The Music of Babel

The Music of Babel
Review: “Sound Stories” by Christian Marclay at the Los Angeles County Museum of Art

There was a time, it has been said, when the people of the world lived and laughed as one big family, and one day decided to work together and build a tower up to God. Displeased, the Lord confounded them, making them unintelligible to one another. No longer able to communicate, they abandoned the tower, and each other, retreating into small, disconnected communities.

Until many millennia later came the Age of Internet Technology.

In “Sound Stories” at LACMA, artist Christian Marclay uses modern-day babble to create an opus out of what we say, capture, and sing on social media. “Fusing art and technology”, as the Museum describes it, Marclay teams with Snapchat to turn publicly posted user-generated content into audiovisual sonatas. Waves breaking, gravel crunching, paper crackling — he strings these one after another along with sighs, mews, and musical instruments to create “conversations”, soothing, eerie, moody, and joyful, signifying nothing.


Walking through black corridors into blacker rooms, we begin a descent into a netherworld surrendering all sense of place. Moving cautiously we are met with embarrassed (but friendly) exclamations: “Oops…excuse me…haha…” as we nearly collide with other visitors. Carefully placed digital devices give off light like homing beacons.

In the first room, smartphones drop from above like spiders and remain suspended in mid-air. All have the same message: “Talk to me/Sing to me.” So I sing: “A doe, a deer, a female deer…” and jump as someone pops up on-screen saying, “Happy Birthday!” Someone behind them blows a favor, then the screen turns black again in the silence. Speak, and images and sounds flicker to life. Stay quiet, and find yourself alone.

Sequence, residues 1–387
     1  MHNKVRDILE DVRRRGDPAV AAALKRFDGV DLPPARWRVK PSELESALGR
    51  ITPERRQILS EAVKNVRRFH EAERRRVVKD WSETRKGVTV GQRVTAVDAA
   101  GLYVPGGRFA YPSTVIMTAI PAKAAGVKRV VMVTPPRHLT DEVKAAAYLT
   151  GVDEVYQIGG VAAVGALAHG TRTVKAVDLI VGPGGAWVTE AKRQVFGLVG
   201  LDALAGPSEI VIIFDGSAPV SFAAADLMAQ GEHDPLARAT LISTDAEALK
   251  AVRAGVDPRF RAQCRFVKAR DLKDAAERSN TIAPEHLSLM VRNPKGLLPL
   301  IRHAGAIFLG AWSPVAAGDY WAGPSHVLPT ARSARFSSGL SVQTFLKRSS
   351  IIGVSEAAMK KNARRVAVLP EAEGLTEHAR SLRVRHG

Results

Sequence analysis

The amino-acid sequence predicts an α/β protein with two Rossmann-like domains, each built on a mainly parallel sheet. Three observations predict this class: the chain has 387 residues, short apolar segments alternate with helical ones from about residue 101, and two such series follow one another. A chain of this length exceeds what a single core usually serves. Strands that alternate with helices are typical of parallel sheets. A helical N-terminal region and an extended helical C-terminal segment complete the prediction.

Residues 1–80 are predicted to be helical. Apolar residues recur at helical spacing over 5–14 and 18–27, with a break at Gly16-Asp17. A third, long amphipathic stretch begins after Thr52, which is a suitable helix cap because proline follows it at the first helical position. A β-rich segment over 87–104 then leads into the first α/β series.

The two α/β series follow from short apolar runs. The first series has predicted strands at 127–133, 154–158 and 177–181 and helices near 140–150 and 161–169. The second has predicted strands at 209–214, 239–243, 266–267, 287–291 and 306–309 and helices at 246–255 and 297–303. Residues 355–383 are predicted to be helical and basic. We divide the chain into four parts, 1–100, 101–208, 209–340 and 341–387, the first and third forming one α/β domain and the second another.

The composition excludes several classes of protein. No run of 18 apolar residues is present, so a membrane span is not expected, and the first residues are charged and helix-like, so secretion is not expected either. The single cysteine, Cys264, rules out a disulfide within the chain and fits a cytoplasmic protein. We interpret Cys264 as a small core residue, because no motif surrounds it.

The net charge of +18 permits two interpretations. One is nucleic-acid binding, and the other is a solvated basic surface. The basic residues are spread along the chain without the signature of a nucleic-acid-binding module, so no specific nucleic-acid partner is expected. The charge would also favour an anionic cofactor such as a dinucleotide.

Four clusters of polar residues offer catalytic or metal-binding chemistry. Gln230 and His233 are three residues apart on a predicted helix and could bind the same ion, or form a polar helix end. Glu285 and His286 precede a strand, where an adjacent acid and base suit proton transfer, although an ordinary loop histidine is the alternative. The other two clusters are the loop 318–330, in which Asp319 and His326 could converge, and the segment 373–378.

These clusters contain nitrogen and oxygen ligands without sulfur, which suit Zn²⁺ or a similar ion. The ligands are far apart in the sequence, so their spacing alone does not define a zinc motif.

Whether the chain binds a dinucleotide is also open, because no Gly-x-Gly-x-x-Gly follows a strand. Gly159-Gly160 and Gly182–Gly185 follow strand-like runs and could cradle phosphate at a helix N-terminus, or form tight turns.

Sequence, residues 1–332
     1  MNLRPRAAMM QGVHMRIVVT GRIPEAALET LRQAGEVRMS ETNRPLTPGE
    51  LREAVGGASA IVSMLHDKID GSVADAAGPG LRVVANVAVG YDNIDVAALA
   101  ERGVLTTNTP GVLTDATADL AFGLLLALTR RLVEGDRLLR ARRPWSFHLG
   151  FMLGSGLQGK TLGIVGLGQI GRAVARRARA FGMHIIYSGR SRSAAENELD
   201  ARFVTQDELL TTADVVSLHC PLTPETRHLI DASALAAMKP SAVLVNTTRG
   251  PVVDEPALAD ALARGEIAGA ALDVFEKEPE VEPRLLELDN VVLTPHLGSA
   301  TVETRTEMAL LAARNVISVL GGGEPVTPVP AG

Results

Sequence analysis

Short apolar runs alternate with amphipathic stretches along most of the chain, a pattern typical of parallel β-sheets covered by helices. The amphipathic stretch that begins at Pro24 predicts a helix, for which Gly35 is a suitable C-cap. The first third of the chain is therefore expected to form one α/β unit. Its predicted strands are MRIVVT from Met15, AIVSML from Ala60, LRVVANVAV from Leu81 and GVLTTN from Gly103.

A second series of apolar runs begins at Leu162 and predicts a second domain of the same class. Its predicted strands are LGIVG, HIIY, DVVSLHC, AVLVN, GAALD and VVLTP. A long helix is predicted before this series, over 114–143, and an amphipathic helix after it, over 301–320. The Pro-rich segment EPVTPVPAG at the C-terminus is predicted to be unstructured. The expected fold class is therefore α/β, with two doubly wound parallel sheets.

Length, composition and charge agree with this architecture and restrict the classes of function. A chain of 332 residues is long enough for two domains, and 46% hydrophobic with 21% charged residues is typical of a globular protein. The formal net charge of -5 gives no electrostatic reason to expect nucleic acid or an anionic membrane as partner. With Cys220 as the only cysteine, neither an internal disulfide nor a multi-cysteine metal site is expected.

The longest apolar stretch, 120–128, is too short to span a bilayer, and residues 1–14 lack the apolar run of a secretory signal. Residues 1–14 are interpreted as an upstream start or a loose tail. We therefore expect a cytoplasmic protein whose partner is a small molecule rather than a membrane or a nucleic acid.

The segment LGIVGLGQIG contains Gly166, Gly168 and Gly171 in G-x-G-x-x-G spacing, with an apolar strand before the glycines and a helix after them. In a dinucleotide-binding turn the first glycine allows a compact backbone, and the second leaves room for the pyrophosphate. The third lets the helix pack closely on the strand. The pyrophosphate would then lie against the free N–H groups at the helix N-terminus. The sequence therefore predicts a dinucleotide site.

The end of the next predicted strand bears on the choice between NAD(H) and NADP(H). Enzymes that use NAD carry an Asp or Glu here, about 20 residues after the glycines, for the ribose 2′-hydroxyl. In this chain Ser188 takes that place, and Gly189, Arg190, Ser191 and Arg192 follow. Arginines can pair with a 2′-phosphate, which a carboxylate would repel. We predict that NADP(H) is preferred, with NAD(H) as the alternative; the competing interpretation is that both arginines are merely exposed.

In the next gallery iPads loom over us from the ceiling, glowing like hot planets. But inside them, watery images undulate creating the impression we are looking up from the bottom of the sea. The sound, unhurried and distorted, is like whale song, haunting but peaceful.

Waiting in the next room we find a mysterious electronic keyboard. Pressing any key sends video projects video that cascades down the wall before us like a waterfall. Courtesy of a one-of-a-kind algorithm, strange but harmonious audio fills the room. It’s very disconcerting.

Woman's fingers on piano keys

The exhibition winds through five dimly-lit rooms and it is easy to lose your way. You are motivated to finish only by your determination to reach the end of this digital wonderland. Marclay immerses us in a world made from bits and pieces of our eternal social media “show and tell”. The experience is like a close encounter with an amiably confusing alien race.

Surely this show is about more than sound? Our movement through the galleries mirrors our lives outside the museum walls, as we fumble our way through the darkness, in the direction of any available light, so often the light of internet-connected devices. Where we say, “I am here” and hope someone hears us. Where sometimes we meld, or break apart. And at times, we find that what we thought might save us, simply confounds us in the end.
Speaking into a phone, to no one, made me feel alone. Looking up at imaginary worlds made me feel left behind. The algorithmically-modified keyboard made me appreciate innovation but long for actual music. I was searching for a deeper message that either I could not decipher, or that just wasn’t there. For all of our modern technology, maybe we don’t really have much to say.

Yet still we dream of towers.

Stepping out of the exhibition into the courtyard, I am happy to feel sun on my face, to be part of the world again. Marclay has found a curious music in our attempts to connect with one another, but the only word I have to describe it is: distancing.

(c) 2019 MuseumHawk/Michelle Straebler, all rights reserved.